Now you know those who are using the factory, we now look at what it is they are producing by using the factory - the ‘Work Products’. A WorkProduct is something the factory creates, an artefact or some kind (source file, schema, document, configuration file, diagram etc.) it could be almost anything. It may be a completed artefact or it may just be an edit or partial change to an artefact. In our case the main artefacts are a solution file, a DSL diagram (containing the model) and the source code generated by this model (containing the programming classes).

Now, for the tough part. We now need to identify a ‘ViewPoint’ or a ‘Concern’ that our stakeholder has/had, which resulted in the creation/change of these WorkProducts.

So let’s say for now that our ViewPoint is called ‘Service Interface Definition’.

At this stage we are working at quite a low level of description. These are the fine grained (low level) ViewPoints we are describing. At a later stage we would describe much (higher level) course grained ViewPoints that would nest inside them this ViewPoint - such as ‘Create Service Contract Specification’.

So, now that we have a name of our ‘ViewPoint’, we can start to flesh it out. A ViewPoint is enacted by a StakeHolder, and it is composed of one or more Activities. Each Activity may yield a WorkProduct and this WorkProduct is created by using an Asset. An Asset is usually a tool such as a source code editor, or designer or template etc. Each Activity maybe composed of nested child Activities. An Activity also has a state. That means that it has an initial state that the WorkProduct was in before the Activity was enacted, and a final state after the Activity was enacted. There will be a finite set of states it can be in. For example, the DSL diagram in question could be in one of the following states: Created, Configured, Validated and Completed. There is also an Operation associated to this Activity that describes how the WorkProduct is operated upon.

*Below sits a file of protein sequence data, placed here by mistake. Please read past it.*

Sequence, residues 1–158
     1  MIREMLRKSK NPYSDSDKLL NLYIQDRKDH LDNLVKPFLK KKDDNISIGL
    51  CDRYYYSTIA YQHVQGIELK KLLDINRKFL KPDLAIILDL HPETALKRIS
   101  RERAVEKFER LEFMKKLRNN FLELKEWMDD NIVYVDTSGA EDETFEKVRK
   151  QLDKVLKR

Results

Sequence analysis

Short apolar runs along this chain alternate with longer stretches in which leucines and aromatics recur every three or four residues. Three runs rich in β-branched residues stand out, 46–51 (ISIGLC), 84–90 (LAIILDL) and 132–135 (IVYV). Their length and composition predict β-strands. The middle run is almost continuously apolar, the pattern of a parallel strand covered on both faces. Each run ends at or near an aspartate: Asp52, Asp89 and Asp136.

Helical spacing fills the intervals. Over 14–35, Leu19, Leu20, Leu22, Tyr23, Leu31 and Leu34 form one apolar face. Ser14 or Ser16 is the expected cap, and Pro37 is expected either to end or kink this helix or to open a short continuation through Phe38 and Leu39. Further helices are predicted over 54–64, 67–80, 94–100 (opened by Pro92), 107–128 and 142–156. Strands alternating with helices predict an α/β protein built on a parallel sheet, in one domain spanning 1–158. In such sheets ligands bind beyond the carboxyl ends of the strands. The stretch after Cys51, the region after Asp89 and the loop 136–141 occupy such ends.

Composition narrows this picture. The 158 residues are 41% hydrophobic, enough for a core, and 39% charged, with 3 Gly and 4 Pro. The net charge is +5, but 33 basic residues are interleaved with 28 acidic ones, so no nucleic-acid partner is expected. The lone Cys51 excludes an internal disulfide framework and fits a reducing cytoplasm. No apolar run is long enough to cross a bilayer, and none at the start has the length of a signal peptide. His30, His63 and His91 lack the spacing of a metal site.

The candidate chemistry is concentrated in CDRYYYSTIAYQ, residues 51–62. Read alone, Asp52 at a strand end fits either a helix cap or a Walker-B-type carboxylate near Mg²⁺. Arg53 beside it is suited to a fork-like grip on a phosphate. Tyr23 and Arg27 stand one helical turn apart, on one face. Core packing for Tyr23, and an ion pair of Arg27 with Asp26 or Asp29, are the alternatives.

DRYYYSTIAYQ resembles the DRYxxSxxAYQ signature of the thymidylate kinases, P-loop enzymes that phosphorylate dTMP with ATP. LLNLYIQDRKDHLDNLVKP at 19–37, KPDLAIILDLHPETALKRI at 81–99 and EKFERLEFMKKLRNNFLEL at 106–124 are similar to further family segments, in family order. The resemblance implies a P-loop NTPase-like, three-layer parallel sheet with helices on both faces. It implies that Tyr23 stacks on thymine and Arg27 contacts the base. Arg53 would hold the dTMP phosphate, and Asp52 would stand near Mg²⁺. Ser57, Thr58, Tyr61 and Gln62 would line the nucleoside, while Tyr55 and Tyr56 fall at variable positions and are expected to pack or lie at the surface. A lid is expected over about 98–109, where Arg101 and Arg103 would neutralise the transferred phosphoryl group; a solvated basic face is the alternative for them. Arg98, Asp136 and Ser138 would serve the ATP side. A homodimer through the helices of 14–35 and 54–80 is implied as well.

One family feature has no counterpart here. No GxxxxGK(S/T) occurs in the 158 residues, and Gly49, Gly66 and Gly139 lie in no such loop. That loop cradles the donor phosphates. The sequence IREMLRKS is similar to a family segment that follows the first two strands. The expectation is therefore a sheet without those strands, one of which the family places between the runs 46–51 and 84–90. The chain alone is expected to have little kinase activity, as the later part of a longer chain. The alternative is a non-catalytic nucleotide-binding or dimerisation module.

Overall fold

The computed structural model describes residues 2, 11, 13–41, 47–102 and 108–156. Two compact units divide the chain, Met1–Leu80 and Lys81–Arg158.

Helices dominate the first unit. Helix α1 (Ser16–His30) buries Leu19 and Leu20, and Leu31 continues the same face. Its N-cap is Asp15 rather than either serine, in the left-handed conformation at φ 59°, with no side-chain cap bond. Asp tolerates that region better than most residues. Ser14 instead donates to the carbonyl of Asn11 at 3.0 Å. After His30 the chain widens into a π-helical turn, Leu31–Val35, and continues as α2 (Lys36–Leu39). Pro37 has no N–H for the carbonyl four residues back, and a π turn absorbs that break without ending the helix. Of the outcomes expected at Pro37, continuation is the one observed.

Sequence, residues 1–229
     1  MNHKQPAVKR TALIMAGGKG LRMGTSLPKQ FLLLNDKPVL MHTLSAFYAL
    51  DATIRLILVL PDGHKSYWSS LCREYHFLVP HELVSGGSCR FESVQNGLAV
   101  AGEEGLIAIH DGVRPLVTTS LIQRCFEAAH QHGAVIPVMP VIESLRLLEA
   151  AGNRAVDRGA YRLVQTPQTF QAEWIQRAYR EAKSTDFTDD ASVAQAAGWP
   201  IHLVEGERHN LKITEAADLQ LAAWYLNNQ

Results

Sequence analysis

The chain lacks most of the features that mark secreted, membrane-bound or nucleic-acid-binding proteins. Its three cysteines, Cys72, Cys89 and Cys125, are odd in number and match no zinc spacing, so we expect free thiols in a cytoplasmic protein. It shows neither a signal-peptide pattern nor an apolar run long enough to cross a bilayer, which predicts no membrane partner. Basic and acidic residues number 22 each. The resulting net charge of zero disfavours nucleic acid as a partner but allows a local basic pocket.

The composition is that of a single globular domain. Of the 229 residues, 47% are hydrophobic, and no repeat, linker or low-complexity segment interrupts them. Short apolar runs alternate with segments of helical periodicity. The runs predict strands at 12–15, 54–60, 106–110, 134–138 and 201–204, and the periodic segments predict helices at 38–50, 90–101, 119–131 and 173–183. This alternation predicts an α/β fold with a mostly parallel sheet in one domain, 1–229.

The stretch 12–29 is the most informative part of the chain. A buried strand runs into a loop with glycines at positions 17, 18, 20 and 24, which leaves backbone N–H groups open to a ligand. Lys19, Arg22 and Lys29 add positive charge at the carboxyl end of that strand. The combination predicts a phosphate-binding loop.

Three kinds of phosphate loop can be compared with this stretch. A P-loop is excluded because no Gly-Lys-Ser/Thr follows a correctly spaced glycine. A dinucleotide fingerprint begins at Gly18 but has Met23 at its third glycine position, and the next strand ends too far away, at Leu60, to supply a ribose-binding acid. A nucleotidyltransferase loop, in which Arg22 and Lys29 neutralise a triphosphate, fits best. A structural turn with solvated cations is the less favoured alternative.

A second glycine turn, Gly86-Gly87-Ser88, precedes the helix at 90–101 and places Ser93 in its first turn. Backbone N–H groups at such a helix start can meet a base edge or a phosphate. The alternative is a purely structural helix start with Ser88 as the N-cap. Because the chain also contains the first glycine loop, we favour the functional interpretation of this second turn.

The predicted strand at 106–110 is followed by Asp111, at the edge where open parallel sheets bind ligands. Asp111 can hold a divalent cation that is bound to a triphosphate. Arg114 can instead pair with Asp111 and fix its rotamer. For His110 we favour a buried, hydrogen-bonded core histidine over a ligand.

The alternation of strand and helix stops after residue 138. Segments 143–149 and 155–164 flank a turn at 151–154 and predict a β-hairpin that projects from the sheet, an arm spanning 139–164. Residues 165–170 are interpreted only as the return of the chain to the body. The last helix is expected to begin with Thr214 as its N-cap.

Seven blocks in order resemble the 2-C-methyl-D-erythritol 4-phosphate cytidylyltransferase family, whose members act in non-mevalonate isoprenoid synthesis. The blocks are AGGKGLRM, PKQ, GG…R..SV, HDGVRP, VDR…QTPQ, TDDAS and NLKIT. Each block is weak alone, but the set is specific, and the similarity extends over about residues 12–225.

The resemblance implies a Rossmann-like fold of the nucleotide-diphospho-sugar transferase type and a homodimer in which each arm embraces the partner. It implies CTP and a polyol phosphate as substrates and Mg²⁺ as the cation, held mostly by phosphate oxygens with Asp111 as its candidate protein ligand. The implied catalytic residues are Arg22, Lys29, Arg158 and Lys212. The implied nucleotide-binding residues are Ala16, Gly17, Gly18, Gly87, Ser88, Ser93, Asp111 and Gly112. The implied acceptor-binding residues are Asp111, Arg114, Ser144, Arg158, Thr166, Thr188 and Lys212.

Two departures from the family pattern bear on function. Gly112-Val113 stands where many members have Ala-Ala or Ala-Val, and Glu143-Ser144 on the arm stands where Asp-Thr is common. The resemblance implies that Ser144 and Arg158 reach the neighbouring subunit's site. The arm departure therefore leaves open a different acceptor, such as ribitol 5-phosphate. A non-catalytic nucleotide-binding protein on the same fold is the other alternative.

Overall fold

Let’s use a concrete example to clear this up:
Our ViewPoint is called ‘Service Interface Definition’, it may be composed of 2 Activities: (a) Add a Service Interface Shape to diagram, (b) Configure the metadata for the shape.

Now, if we consider the first Activity, we can say that the WorkProduct that is worked upon is the ‘Diagram’ (an instance of the designer). This activity starts in the ‘Created’ state and when the activity completes, the state will be ‘Configured’. Of course the Operation we performed would have been ‘Configured’, and the Asset used was the Designer.

So, we can do this for all the activities of the ViewPoint and we get something like this.

ViewPoint

Service Interface Definition

StakeHolder

Solution Developer

Activities

Activity Name 

WorkProduct

Operation

Initial State

Final State

Asset

Add a Service Interface Shape to diagram

CS Diagram

Configured

Created

Configured

CS Designer

Configure the metadata for the shape

CS Diagram

Configured

Configured

Configured

CS Designer

There is just one concept missing here in this definition – the concept of conditions.

The WorkProduct itself, as an output of this ViewPoint, can form the input to another ViewPoint (yet to be defined). In most cases, in order to qualify as an input to another dependent ViewPoint, it has to reach a certain state.